Otter Tail County Commission cancels environmental study for Loon Lake Resort expansion – Perham Focus


A resort expansion project near Vergas will not have to undergo an environmental review, Otter Tail County Commissioners decided at their Dec. 14 meeting.

Neighbors opposed to the Loon Lake Resort expansion had requested a review through the Minnesota Environmental Quality Board, citing concerns about the number of proposed campsites, wetland degradation, invasive species, overdevelopment, excessive traffic boats and water quality.

The commissioners dismissed their objections, saying many sites will be farther from the lake and are well below the number allowed by state and local shoreline requirements. Loon Lake is already infested with zebra mussels, they pointed out, and the county isn’t about to start policing the number of boats allowed in a lake, given the county’s many lakes.

The county had previously forced the station, located at 32053 Loon Drive in Candor Township, to limit its expansion. The complex had requested a total of 47 docks, but the county limited it to the existing 31. It plans to add 48 units, bringing the total number of units to 70.

Opponents said they realized the county did not have to complete an environmental assessment worksheet because it did not meet the 50 new unit threshold. However, their petition stated that the total of new and old campsites would exceed the 50 required for a mandatory environmental assessment.

Their petition cited Minnesota case law allowing the local government to consider existing units when deciding whether to order an environmental review for an expansion project.

“All development must be considered and the cumulative impacts of increasing pressure on the lakeshore and on public resources,” the petition reads.

Tami Norgard, a Fargo lawyer representing the neighbors, said the development could worsen algae problems on the lake, and the algae problems indicate the wetlands are already taxed to the limit and unable to filter out algae. contaminants and excess nutrients. However, Lands and Resource Manager Chris LeClair maintained that it was the heat, not the development, that caused the algae bloom, and that he had seen many pictures throughout the year indicating that there was no algae.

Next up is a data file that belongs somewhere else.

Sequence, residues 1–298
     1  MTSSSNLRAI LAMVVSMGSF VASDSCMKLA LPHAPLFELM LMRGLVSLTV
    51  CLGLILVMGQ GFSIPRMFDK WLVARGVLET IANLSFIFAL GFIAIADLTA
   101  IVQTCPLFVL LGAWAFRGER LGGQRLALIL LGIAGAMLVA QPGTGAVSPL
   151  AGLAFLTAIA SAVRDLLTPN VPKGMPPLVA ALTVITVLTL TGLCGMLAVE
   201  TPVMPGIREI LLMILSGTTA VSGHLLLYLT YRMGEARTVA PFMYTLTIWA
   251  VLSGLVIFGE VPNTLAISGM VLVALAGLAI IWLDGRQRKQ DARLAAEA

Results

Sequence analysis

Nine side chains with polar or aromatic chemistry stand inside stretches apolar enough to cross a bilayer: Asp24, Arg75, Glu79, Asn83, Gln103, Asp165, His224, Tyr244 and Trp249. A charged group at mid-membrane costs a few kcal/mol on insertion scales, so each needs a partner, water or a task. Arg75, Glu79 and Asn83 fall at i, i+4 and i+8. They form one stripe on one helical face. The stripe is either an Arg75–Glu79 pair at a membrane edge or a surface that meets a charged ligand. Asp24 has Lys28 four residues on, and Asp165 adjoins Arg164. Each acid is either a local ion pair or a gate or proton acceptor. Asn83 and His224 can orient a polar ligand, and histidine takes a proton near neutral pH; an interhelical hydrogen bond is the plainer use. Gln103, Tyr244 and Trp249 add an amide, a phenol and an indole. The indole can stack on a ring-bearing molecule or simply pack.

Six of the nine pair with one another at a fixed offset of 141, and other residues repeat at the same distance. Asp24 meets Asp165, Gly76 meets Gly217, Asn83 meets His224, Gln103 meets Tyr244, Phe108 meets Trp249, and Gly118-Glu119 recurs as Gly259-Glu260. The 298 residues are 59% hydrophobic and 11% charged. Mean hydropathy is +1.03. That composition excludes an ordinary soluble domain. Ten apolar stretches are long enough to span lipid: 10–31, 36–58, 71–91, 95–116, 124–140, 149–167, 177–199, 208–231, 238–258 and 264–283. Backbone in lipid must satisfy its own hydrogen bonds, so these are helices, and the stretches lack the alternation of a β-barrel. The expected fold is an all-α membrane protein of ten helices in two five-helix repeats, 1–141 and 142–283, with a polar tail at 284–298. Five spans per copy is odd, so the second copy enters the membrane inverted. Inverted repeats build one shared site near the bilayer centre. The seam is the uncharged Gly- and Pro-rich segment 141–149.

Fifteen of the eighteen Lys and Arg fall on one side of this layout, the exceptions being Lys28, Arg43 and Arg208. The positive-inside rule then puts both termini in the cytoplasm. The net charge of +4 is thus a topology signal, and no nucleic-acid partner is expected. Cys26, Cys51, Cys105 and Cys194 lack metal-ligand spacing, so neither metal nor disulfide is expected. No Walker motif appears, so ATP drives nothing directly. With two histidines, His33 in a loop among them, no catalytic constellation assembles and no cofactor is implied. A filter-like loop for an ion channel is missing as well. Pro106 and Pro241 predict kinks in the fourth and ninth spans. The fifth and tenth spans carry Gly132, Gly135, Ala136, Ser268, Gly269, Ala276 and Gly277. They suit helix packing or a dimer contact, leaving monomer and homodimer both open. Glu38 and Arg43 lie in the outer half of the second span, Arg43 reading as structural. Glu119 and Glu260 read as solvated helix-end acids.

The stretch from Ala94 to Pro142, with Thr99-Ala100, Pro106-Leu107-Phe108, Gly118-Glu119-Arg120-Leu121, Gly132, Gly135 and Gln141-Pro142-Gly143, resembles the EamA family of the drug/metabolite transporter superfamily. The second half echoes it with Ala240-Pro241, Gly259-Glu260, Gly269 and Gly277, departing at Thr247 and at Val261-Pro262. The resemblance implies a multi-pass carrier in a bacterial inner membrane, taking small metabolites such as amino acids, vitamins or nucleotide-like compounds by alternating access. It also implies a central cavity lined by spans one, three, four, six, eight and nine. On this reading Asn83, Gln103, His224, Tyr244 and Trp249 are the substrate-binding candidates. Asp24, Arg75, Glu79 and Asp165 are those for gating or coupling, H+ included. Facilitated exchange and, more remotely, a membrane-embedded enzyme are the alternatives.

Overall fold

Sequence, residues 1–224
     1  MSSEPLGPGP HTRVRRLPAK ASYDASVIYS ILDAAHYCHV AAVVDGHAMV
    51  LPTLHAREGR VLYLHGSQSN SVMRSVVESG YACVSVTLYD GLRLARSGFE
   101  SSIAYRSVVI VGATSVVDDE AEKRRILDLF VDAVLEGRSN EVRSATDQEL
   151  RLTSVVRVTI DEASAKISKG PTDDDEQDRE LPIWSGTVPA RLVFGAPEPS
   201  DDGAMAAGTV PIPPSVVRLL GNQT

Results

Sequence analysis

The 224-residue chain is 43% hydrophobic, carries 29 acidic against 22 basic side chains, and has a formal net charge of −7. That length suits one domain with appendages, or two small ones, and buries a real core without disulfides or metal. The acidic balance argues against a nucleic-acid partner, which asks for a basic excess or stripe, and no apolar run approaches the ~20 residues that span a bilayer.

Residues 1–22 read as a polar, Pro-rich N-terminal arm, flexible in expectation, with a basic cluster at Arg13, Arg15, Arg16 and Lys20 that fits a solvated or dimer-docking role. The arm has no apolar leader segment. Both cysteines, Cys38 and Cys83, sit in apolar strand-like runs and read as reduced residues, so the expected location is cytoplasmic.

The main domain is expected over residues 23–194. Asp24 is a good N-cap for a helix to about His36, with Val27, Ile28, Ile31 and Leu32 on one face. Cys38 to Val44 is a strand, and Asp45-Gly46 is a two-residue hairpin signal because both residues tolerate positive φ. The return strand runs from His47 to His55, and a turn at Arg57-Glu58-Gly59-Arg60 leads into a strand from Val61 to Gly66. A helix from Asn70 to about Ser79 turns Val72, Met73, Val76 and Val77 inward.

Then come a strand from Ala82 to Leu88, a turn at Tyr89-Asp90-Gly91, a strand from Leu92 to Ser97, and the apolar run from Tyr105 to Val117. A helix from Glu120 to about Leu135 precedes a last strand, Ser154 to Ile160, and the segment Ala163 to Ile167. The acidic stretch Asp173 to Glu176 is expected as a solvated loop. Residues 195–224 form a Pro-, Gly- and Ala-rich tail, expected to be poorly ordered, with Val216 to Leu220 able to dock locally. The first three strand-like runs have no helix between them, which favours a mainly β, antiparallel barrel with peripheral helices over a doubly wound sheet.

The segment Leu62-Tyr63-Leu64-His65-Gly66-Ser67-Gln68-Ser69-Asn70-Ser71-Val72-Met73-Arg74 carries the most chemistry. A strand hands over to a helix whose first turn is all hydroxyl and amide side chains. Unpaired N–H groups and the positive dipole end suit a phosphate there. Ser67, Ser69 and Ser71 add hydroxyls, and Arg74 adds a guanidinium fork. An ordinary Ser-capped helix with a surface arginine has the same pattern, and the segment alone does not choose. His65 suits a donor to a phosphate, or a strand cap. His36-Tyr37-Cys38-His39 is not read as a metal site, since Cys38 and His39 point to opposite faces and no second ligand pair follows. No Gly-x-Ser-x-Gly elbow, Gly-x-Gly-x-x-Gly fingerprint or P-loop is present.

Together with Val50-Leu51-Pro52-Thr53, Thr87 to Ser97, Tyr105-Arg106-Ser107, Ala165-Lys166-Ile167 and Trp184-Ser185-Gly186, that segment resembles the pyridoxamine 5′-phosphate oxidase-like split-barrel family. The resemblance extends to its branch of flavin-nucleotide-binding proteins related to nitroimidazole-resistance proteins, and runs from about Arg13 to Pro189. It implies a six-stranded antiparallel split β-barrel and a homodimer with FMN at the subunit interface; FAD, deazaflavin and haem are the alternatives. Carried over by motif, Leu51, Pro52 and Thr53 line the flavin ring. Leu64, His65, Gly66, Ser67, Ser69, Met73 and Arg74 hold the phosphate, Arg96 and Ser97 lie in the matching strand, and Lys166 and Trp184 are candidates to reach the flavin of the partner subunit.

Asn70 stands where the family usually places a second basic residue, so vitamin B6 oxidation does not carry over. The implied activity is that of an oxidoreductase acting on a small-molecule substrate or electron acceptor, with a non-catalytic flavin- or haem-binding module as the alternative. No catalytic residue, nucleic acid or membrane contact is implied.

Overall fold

“This is not a place for the county to allow additional density, which exacerbates what is already clearly a problem,” the petition reads. “The increased development will further reduce the functionality of the wetlands. The increased intensity of recreational boating will affect the shallow bays of Loon Lake, which will impact water quality and spawning of various species of fish.”

Loon Lake consists of five sub-lakes connected by narrow channels, as well as two shallow bays. One of the sub-lakes, East Loon, contains five islands. Its shape gives it as much shoreline, but neighbors say it has less navigable area.

“Loon Lake is not remote like Pelican Lake, Otter Tail Lake, Detroit Lakes, or Cormorant, all of which can accommodate larger numbers of recreational boats,” their petition reads. “It is surprising to realize that there are similar amounts of developable shoreline on Loon Lake as on these other lakes, but Loon Lake has a small fraction of the actual navigable surface on the lake given the many undulations in and out of bays and narrow passages.”

For example, Loon Lake has 1,048 acres and 17 miles of shoreline, while Otter Tail Lake has 13,725 acres and almost 22 miles of shoreline, and Rush Lake has 5,275 acres of water and just under 16 miles of shoreline. .

However, Commissioner Wayne Johnson said he felt the shape of the lake would hinder development, as the shoreline would create pie land less suitable for construction.

The petitioners requested a study of the boat, which they said would indicate that Loon Lake could not support a large development. However, commissioners said it was beyond their ability to limit the number of boats on any lake, given that the county has more than 1,000 lakes.

“In a county with over 1,000 lakes, that elevates that impracticality even further,” Commissioner Kurt Mortenson said.

Fingerprint costs are rising

Fingerprinting by the Otter Tail County Sheriff’s Office will cost more. After Sheriff Barry Fitzgibbons told the commissioners that the costs associated with the practice had increased, they agreed to raise the price from $15 to $20. Pre-employment teachers and social workers, as well as out-of-state firearms license applicants, are among those being fingerprinted. Fitzgibbons said his office does about 20 fingerprints a week.

Pelican Rapids Pool Support

The commissioners will support Pelican Rapids in its application for a state grant to build a new swimming pool. The current pool leaks 1,000 gallons of water a day, Johnson told commissioners. The city raised $2.6 million locally for the new pool. The commissioners will send a letter to the state supporting the city’s grant application.


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